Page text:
DEAR ABBY: Several years ago, when I was a young lawyer with a prestigious law firm, I received a wedding invitation from an associate. (We're both female.)
Another colleague also received an invitation, and suggested that we pool our money in order to purchase something nicer than either one of us could afford alone. I agreed.
Well, it was a lovely wedding, but neither my friend nor I received an acknowledgment of our gift. Several months later, I asked the bride if she had received it. She replied, "No, I haven't, but it could be among the many packages in the warehouse that we haven't had time to open."
Abby, it's been three years and still no thank-you note from the bride or groom. I'm wondering if we committed a faux pas by combining our resources to buy her a single gift, and she was so offended she felt we didn't deserve a note of thanks. -- PHILADELPHIA LAWYER
DEAR PHILADELPHIA LAWYER: You did not commit a faux pas. The bride did. There was nothing wrong with pooling your funds to buy the bride a nicer gift. Should another occasion arise when a gift is required, a book of etiquette might be appropriate.
DEAR READERS: I recently received a delightful book titled "The Kindness of Strangers -- A Collection of Animal Rescue Stories" published by the Auxiliary for Dekalb Animals Inc., a nonprofit organization in Illinois dedicated to promoting the welfare of animals. One story caught my eye, and I hope you enjoy it as much as I did:
THE STORY OF ABBY
During the summer of 1987, I was helping my daughter clear some mountain river property she had purchased. As we approached a pile of wooden pallets, we heard a crying sound and saw an injured, starving Doberman dog crawl out from under the stack. After feeding her part of our sandwiches, we attempted to find her owner, thinking she might have strayed. The nearest neighbor told us, "People put dogs like that out all the time -- the best thing you can do for her is shoot her." We stopped our search for her owner.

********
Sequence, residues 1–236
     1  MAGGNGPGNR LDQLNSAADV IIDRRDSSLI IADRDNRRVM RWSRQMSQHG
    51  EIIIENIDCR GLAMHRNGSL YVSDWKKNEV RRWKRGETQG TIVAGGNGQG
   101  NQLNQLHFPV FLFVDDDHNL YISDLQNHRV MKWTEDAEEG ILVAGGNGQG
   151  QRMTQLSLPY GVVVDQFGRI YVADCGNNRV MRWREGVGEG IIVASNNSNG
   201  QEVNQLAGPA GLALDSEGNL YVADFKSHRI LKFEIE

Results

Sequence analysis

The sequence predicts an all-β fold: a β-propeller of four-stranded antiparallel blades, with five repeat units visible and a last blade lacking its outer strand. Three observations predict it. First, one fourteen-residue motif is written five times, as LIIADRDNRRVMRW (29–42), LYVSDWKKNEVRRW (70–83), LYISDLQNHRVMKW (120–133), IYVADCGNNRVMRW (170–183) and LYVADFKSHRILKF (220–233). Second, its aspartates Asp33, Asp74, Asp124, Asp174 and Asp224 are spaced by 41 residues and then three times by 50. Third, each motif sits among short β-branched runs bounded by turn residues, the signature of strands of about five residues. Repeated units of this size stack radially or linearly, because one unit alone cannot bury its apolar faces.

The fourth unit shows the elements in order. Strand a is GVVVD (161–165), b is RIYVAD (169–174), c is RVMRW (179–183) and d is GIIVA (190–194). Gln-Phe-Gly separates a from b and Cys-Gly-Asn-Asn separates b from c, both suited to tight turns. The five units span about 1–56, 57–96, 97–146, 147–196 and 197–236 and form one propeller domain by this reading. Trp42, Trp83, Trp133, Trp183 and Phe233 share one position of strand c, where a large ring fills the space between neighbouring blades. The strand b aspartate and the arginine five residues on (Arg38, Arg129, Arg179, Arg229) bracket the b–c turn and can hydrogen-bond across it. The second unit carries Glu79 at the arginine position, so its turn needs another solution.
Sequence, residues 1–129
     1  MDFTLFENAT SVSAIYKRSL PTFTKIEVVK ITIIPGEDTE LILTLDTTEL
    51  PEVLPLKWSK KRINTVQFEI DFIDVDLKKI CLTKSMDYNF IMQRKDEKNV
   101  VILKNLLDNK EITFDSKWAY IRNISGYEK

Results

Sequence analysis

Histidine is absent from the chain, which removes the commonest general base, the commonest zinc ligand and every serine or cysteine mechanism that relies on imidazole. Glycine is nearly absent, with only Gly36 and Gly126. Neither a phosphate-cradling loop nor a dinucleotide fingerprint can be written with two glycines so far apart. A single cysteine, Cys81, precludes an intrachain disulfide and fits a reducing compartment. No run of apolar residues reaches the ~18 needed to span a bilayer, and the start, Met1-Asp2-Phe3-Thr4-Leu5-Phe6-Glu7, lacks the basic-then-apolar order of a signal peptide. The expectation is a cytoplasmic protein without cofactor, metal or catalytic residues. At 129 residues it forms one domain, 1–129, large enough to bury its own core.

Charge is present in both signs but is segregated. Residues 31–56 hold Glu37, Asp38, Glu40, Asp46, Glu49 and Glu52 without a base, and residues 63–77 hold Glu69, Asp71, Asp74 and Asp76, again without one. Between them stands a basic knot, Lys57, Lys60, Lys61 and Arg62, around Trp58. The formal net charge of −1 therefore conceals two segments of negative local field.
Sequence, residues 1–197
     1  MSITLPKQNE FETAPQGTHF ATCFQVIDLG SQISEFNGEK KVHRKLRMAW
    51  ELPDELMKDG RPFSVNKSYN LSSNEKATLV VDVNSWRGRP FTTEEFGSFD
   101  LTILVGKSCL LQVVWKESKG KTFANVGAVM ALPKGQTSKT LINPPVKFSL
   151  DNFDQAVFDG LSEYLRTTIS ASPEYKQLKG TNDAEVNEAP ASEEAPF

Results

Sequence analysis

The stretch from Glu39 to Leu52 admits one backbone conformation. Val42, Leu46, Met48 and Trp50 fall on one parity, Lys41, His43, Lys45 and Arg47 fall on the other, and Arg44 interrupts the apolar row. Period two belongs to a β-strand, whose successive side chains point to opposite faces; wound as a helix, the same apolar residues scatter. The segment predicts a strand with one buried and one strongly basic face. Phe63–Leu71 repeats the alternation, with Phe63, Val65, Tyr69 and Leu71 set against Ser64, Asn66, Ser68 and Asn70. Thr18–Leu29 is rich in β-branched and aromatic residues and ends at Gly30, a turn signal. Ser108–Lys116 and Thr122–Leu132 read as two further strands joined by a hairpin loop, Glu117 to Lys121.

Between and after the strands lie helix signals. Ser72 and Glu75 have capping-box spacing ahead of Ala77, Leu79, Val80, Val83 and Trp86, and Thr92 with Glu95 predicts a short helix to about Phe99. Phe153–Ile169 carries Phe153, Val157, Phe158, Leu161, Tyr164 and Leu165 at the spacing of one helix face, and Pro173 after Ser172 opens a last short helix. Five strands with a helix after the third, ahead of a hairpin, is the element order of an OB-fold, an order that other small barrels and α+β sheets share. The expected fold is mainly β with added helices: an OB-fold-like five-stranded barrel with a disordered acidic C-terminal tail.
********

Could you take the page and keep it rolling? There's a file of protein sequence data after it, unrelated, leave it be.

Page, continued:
We brought her home that evening; she was frightened and starving. We fed her and loved her. She immediately took up with my cat and licked the cat like it was her baby. The next day, I took her to the vet and discovered she had several broken ribs and a fungus on her paw, which might require amputation. The vet fixed her up as best he could. As I was paying the bill, they wanted the dog's name for their records. I thought for a minute and said, "Her name would have to be Abby!"
Abby's ribs mended. Her fungus healed after six months of treatment and she gained weight. She became a permanent member of our family.
Last year, my husband entered a nursing home and I now live alone. All my neighbors have elaborate security systems and a few own guns. All I need is Abby. She's the best security I could have. -- NOT ALONE IN ATLANTA
For everything you need to know about wedding planning, order "How to Have a Lovely Wedding." Send a business-sized, self-addressed envelope, plus check or money order for $3.95 ($4.50 in Canada) to: Dear Abby, Wedding Booklet, P.O. Box 447, Mount Morris, Ill. 61054-0447. (Postage is included.)
4900 Main St., Kansas City, Mo. 64112; (816) 932-6600